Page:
Had Worth bothered to check the facts, he would know that on October 20, 2010, BGU president Rivka Carmi sent a letter to Prof. Ihron Rensburg, vice-chancellor and principal of the University of Johannesburg, in which she categorically rejected the UJ conditions, stating “We do not believe that your proposal to add a Palestinian partner to the present research project as a condition to our ongoing collaboration is scientifically or academically justified, nor can we accept ongoing review and supervision of our practices by another university as a precondition to scientific partnership.”

Lest Worth forget, the BDS movement declared victory when it passed the first resolution last fall and again last week despite a UJ “disclaimer” distributed on March 24. Prof. Rensburg wrote that “the university does not subscribe to an academic boycott of Israel.”

It is time for Worth to see what every supporter of Israel sees – that such movements are based on hatred and ignorance. Instead of attacking BGU, he should be putting all his energy into fighting Israel’s real enemies, members of the BDS movement.

The writer is director of the Department of Publications and Media Relations at Ben-Gurion University of the Negev

‘Co-resist’ what?

Sir, – Gershon Baskin ends his latest column (“Palestine is inevitable,” Encountering Peace, March 29) with the amazing statement that if we ever hope to co-exist with the state of Palestine, Israelis must join hands with Palestinians and non-violently “co-resist” the occupation.

I must assume Baskin implies that we should completely withdraw from all territory beyond the 1949 cease-fire line (including large Jewish suburbs of Jerusalem) because I do not recall any Palestinian leader agreeing to settle for less. How many Israelis from all sides of the political spectrum would accept such a ridiculous proposition?

Tel Mond

Sir, – Reading Gershon Baskin’s “Palestine is inevitable” gave me a feeling of deja vu, for Baskin writes: “Palestine is becoming a reality whether we like it or not.... Israel had better come to terms with this reality.”

By early summer 1940, Hitler had, in three lightning campaigns, overrun Poland, Denmark, Norway, Holland, Belgium, Luxembourg and France.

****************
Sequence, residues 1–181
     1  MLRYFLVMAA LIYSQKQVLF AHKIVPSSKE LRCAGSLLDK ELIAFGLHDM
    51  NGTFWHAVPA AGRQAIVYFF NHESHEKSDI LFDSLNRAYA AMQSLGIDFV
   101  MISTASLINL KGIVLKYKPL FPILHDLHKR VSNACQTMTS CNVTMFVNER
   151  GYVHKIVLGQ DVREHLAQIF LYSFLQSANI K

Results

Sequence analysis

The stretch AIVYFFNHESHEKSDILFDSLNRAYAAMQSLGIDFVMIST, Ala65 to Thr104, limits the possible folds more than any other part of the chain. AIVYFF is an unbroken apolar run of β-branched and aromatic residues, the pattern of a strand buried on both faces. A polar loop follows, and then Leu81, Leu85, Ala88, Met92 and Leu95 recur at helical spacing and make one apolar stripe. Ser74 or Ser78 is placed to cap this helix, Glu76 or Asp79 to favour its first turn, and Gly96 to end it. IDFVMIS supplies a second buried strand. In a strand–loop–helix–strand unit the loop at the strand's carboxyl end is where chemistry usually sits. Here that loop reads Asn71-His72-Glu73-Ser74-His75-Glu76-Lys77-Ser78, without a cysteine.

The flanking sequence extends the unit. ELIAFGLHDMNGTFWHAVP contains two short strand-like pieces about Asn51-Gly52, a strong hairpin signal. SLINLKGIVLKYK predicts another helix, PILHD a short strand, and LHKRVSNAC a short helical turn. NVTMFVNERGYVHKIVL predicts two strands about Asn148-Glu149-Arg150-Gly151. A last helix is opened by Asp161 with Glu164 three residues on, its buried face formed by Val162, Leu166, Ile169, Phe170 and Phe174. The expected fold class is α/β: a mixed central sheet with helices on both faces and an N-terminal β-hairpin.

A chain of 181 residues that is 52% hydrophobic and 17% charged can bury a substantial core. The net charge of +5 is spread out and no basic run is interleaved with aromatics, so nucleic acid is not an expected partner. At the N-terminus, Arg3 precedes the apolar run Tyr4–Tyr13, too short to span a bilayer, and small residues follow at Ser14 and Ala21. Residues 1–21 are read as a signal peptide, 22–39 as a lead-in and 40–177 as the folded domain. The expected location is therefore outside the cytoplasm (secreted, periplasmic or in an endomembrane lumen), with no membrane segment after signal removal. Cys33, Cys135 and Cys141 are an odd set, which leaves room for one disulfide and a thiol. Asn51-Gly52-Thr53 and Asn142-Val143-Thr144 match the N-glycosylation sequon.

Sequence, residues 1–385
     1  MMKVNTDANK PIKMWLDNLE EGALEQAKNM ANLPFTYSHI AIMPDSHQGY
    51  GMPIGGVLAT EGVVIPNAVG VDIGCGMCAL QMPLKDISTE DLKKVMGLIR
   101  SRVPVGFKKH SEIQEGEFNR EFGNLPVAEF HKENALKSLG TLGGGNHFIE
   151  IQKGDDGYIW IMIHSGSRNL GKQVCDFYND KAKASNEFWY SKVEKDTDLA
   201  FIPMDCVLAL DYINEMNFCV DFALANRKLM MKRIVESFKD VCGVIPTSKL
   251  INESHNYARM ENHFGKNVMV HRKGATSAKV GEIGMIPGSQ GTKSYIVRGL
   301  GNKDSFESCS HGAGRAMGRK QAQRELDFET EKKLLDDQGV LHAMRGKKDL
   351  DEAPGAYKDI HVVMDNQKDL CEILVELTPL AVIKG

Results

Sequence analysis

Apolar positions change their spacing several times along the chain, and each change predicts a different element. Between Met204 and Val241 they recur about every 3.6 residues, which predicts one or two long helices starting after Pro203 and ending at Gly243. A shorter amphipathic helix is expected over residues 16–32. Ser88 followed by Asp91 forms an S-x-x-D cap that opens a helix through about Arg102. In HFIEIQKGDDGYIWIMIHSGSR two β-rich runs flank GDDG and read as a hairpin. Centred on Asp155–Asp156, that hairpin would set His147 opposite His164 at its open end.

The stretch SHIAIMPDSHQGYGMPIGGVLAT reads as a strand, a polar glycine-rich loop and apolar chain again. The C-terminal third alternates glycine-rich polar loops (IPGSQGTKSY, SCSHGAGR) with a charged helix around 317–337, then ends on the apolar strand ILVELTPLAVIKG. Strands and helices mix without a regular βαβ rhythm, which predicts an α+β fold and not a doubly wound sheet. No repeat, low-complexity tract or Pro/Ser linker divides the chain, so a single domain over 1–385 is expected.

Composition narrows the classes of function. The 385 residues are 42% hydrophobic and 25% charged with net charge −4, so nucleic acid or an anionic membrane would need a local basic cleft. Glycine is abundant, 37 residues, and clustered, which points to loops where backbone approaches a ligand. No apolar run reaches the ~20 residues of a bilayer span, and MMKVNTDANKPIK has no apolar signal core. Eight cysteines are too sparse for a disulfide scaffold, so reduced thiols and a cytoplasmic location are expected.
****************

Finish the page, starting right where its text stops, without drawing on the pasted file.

Voices were raised in England saying, “Hitler’s mastery of Europe is becoming a reality whether we like it or not.... Britain had better come to terms with this reality.”

When Winston Churchill came to power, he introduced legislation making criticism of the war an offense punishable by imprisonment without trail(!) Had it not been for these draconian measures, Baskin might not be alive today to write such an oped, nor we to read it.

Petah Tikva

Telling his own

Sir, – Sheba F. Skirball asks (“Not just the victims,” Letters, March 29) whether Rabbi Jonathan Sacks “has felt free to express in the UK” the sharp criticisms of anti-Israel activity on UK campuses he expressed in his March 24 Jerusalem Post op-ed “Is academic freedom still honored in British universities?” A visitor to will find not only the Post article, but also the statement Sacks made to the UK All Party Parliamentary Committee on Anti-Semitism in January, which condemns events on UK campuses in even stronger terms.


Hard to find

Sir, – The US has announced that it will not get involved in the riots in Syria. While the policy may be stupid (or, to some, wise), announcing it is idiotic.

Syria, the baby brother of Iran, has demonstrated so little that is acceptable and so much evil that each American step to cultivate its friendship generates a laugh of sheer delight in Damascus.

Competence in this administration is as hard to find as democracy in Damascus.